First Look: South


Despite having an extremely un-Googlable name (you try typing “south restaurant Philadelphia” into the search field and let me know how it goes), South–the latest offering from restauranteurs Robert and Benjamin Bynum and chef Paul Martin has opened on North Broad Street. The Bynum brothers, previously involved with jazz venues Warmdaddy’s and Zanzibar Blue, as well as Chestnut Hill’s Paris Bistro and the recently shuttered Heirloom, are sticking to what they know with this one: homey food and live music.




They have transformed the sprawling, former Route 6 space into a venue that now boasts live jazz six nights each week in the sound-proofed jazz parlor, plus a separate bar, dining room and chef’s counter in restaurant’s main floor. Many of the Route 6 fixtures remain, but the brothers Bynum have warmed the space that once housed Stephen Starr’s pan-coastal seafood shack with southern touches. Formerly seashell-festooned white clapboard cabinets now contain rows upon rows of pickle jars filled with a rainbow of preserves: cauliflower, beans, peppers, asparagus, and onions. The array would cause any seasoned pickler to initiate a respectful slow-clap at the volume and array, which becomes especially impressive when you learn that these jars these aren’t purely for show.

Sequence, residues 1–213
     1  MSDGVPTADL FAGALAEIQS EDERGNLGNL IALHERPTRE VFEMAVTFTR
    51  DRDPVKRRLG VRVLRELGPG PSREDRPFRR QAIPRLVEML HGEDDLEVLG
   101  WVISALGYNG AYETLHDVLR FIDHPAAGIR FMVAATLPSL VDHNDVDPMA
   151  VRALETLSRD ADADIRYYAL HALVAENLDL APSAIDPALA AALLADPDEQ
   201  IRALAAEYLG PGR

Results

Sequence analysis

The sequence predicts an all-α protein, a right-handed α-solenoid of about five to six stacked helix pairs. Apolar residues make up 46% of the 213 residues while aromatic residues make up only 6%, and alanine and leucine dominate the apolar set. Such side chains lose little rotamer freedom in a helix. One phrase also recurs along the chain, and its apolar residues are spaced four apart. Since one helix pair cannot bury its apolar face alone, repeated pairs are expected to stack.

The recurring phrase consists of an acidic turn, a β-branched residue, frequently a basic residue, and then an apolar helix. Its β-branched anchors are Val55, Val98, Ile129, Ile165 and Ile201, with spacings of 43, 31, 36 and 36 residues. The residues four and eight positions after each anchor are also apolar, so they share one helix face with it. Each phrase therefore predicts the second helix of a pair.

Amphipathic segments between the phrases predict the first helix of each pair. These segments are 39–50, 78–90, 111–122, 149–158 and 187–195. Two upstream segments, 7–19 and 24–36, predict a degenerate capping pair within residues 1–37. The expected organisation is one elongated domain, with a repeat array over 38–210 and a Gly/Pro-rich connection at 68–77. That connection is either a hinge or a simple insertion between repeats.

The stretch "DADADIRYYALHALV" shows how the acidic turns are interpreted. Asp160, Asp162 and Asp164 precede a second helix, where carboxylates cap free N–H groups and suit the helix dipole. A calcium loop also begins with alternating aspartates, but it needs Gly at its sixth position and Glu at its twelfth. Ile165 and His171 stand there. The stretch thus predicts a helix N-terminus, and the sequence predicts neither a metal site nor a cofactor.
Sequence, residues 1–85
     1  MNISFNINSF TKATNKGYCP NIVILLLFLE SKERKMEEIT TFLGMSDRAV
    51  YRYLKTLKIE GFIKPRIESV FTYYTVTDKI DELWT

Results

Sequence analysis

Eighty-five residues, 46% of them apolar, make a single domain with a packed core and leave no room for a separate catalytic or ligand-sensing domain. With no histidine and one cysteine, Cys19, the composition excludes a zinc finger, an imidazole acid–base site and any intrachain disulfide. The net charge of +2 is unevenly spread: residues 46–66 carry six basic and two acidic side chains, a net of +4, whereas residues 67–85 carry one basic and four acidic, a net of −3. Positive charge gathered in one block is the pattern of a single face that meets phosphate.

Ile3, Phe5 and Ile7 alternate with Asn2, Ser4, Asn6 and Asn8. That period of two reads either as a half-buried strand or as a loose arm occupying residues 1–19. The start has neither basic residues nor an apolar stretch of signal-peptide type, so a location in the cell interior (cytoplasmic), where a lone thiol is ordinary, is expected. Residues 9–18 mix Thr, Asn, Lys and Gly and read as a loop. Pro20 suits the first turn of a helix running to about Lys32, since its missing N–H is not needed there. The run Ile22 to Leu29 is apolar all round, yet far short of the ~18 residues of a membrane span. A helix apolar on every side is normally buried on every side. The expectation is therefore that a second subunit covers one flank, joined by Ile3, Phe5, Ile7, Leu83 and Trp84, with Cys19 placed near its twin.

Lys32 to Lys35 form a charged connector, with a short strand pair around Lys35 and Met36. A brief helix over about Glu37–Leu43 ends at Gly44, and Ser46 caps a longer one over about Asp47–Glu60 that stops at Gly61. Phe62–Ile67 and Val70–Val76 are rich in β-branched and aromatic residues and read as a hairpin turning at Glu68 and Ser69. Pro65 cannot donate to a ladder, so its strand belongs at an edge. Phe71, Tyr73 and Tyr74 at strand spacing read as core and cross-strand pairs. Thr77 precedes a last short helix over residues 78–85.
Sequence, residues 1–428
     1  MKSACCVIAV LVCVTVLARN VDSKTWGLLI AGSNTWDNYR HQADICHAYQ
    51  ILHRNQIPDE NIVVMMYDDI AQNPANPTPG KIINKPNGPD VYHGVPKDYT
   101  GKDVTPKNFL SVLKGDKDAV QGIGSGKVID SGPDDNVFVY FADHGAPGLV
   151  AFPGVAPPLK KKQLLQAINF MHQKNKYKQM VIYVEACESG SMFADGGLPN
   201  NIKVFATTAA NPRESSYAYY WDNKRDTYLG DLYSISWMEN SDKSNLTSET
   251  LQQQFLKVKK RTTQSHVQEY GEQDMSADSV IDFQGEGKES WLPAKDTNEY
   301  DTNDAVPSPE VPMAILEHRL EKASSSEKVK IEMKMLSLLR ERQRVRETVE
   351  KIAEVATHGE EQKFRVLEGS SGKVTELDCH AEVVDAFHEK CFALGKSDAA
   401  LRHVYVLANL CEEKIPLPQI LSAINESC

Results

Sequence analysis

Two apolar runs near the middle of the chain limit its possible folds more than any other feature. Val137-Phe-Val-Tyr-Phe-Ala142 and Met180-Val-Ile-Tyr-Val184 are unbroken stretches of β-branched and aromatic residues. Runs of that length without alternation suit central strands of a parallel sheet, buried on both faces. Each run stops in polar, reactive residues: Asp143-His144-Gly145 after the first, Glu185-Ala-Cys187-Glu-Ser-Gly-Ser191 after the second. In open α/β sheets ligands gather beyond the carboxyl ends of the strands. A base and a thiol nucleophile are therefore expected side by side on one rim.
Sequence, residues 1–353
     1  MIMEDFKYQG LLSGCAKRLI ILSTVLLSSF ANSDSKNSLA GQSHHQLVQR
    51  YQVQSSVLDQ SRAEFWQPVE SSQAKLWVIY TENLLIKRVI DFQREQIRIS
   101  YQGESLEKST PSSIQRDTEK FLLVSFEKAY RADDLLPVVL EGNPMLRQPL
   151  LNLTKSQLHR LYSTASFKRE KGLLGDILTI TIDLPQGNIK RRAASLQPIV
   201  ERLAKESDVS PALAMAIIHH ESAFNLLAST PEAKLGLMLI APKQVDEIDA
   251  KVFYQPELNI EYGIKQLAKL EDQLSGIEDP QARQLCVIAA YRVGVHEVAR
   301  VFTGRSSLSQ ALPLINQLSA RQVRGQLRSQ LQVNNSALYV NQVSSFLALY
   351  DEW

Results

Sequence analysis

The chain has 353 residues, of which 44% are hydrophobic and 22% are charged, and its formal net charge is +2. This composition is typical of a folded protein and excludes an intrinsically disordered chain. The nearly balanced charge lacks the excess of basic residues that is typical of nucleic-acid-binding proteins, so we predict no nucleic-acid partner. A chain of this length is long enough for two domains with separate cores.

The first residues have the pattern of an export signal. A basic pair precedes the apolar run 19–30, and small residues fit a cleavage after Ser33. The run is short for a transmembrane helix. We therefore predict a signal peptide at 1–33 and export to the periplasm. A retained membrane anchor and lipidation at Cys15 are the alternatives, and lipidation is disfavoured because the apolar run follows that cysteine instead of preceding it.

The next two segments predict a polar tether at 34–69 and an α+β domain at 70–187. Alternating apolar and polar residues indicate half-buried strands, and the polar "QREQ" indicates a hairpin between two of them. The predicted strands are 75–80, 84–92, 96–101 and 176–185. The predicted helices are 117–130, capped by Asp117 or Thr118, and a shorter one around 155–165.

Pickles appear, alongside benne seed pocket bread (with chef Paul Martin’s pimento cheese) on South’s dinner menu. It’s a more rustic plate than some of the other early in the meal offerings: heirloom tomato salad with beets, farmer’s cheese, and peanut chutney; fried oysters crusted in Anson Mills’ cornmeal and served atop sautéed spinach with herb saint butter and green tomato jam; or the positively fancy quenelles of chicken liver mousse atop pumpernickel croutons with crispy chicken skin and golden pickled sunchoke relish.

Chef Martin, a Louisiana native, brings Southern ingredients into play on the entree side as well, promising a take on his mother’s gumbo recipe, as well as other primary plates to showcase the flavors of the American south. His version of shrimp and grits is three enormous Carolina white shrimp over Anson Mills grits with lobster, for good measure, and caramelized “trinity,” the South’s mirepoix of green pepper, carrot, and onion, and milliton squash stew. The restaurant is bringing in wreckfish from the Carolinas as well–a dense, meaty white fish not unlike halibut, which Martin is serving with butter beans, tomato, and crawfish fricassee. For meat lovers? Heritage pork with spoon bread, creamed collard greens, and sorghum molasses; or duck breast with yellow eyed peas and golden chanterelle mushrooms.






The dessert menu is a work in progress, but expect composed plates of crumbles, crumbs, and dabs employing classic flavor combinations like bourbon pecan pie, berry shortbread or Mississippi chocolate cake with milk chocolate mousse, sweet cream gelato, and pretzel praline.



There’s also a separate bar menu of snacks like hushpuppies and pork boudin croquettes, and sandwiches including an alligator po’ boy or a Pat LaFrieda beef burger with more of that pimento cheese and fried green tomatoes.

Google or no, Southward-ho.

South [f8b8z]